Review: In the Realm of the Senses (1976)


One would be hard pressed to walk away from Nagisa Oshima’s In the Realm of the Senses without having formulated an opinion or have gone through some sort of emotional response. The film provokes and assaults those without the proper framework to contextualize what they are being presented. This film is a prime example of the power of the medium. It is nearly impossible to shut off the body and brain’s response to what is being presented. The human animal has not yet evolved to the point where we can fully differentiate reality from the artistic representation of reality. We are conditioned to react to the stimulating and titillating elements of film, despite the fact that film is a (mostly) two-dimensional and subpar representation of reality that our logical mind knows cannot inflict harm or pleasure, but our bodies react as though it can.

Why does our heart sometimes race when we are fully engaged in a particularly exciting action sequence? Why do we become stimulated at imagery depicting sexual acts that we may never experience between people that we may never meet? Why does the image have the power to disgust us when the acts portrayed on the screen are contrary to our own lifelong “moral framework” when clearly these images have no bearing on our own physical world? I can understand the evolutionary need to be repulsed by certain stimulation that we encounter as it is conditioning that has instilled itself through the evolution of the human animal in order to protect us from disease and possible harm, but why does the image hold almost as much power as acts being carried out in front of us? Will we ever evolve past the point where our actions are out of our direct control through stimulation that our logical mind understands is not reality?

Perhaps desensitization to the image is going to be part of the next phase of human evolution. We hear reactionary lamentations about the dangers of desensitizing our children through too much visual stimulation and subversion of conventional morality portrayed in various mediums, but perhaps this is the path to better understanding humanity. If we run from imagery that provokes us or challenges our moral code, we are forced to confront head-on that which we had been covering our eyes and pretending did not exist. Ugliness exists in this world, and to pretend that it does not is to deny elements in ourselves as “civilized” members of society. Instead of denying these darker elements in ourselves, why not confront them and use their power to analyze our own moral framework instead of taking it at face value. We might find a more profound connection with the rest of humanity, as any action of a single human is an action of humanity. If that human is acting out in a way that subverts your conventional notions of civilized behavior, then we must analyze why we had established these conventions in the first place.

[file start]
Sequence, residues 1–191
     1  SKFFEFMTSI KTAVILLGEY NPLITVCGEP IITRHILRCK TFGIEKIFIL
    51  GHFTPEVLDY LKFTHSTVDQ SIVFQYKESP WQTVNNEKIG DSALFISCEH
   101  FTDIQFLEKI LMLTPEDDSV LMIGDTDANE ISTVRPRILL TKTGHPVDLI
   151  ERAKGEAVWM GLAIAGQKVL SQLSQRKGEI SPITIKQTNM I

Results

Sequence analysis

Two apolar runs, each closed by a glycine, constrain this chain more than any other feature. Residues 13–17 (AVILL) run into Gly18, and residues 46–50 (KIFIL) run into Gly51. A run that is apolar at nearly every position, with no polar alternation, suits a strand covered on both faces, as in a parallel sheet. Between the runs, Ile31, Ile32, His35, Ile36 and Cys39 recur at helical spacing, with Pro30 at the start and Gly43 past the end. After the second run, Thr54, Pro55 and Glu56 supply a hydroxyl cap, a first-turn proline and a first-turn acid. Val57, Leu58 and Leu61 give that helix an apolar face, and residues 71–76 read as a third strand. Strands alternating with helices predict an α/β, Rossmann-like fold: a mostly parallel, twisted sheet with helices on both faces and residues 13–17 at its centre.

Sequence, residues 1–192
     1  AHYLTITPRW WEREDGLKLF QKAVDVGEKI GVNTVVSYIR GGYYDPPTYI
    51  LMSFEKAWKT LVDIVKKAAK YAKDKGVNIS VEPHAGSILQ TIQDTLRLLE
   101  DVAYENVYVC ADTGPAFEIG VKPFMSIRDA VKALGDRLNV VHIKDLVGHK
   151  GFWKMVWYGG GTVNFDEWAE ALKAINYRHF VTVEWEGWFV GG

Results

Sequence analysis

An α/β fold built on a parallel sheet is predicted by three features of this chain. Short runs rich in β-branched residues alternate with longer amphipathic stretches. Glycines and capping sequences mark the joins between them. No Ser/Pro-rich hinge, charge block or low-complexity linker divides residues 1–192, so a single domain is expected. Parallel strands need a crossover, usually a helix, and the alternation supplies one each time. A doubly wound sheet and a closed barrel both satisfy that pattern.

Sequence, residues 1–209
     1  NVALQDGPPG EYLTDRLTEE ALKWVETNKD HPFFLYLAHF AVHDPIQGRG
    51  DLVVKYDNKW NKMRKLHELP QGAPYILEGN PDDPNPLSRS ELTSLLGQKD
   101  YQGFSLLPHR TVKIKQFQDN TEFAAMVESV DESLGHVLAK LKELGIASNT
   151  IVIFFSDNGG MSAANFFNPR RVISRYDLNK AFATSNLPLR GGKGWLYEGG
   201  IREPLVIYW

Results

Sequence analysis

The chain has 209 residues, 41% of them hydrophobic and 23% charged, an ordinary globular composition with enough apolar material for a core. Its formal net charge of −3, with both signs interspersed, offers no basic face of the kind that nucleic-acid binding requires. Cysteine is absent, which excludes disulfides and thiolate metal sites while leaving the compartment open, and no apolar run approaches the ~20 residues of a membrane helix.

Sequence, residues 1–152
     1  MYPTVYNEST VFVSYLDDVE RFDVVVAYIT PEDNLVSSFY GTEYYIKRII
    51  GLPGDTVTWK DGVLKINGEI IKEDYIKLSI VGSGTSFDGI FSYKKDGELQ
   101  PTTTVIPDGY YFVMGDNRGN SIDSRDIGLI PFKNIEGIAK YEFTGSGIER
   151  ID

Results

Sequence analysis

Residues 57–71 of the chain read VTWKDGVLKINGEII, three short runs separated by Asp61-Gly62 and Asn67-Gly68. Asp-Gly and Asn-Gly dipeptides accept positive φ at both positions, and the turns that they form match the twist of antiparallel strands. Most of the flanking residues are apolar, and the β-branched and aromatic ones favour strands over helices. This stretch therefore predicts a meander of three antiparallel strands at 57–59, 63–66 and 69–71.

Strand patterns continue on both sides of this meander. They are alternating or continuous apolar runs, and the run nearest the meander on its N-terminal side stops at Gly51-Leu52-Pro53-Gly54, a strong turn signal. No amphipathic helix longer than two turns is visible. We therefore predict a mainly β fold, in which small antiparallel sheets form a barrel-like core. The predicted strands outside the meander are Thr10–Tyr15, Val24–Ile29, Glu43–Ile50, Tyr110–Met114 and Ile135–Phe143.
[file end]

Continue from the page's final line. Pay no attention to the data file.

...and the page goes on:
If we can carry out this discourse within ourselves in an honest way, then maybe we can find more profound connections with our fellow members of humanity. The universe is too transient in nature to tie ourselves down with expired moral codes that we arm ourselves with to battle those that would aim to subvert generations of rules that had evolved from conditions that may have been present at the time but are no longer applicable. This is Oshima’s power as a filmmaker. Through deliberate provocation, the thoughtful are forced to contend with framework existent in ourselves that we would like to pretend is not there. Surely we are far too “erudite” to be challenged by provocative images. The reality is that very few are evolved (or perhaps insane?) enough to not have a visceral response to the provocative image. Oshima doesn’t provoke for the sake of empty provocation. He has created a world where two people act in direct defiance of conventional morality and socially acceptable sexual behavior. The two protagonists in In the Realm of the Senses are occupying a world of complete and raw humanity in defiance of the rules of the rest of civilization. Civilization is responsible for war, poverty, hunger, homogenization of identity, and many other undesirable elements. It is only through the subversion of the conventions of civilization that we can begin to question why they existed in the first place. We may never find these answers, but asking the questions brings us one step closer to an understanding of ourselves.

90/100 - This film is a prime example of the power of the medium. It is nearly impossible to shut off the body and brain’s response to what is being presented.

Matthew Blevins

Behind me you see the empty bookshelves that my obsession with film has caused. Film teaches me most of the important concepts of life, such as cynicism, beauty, ugliness, subversion of societal norms, and what it is to be a tortured member of humanity. My passion for the medium is an important part of who I am as I stumble through existence in a desperate and frantic search for objective truths.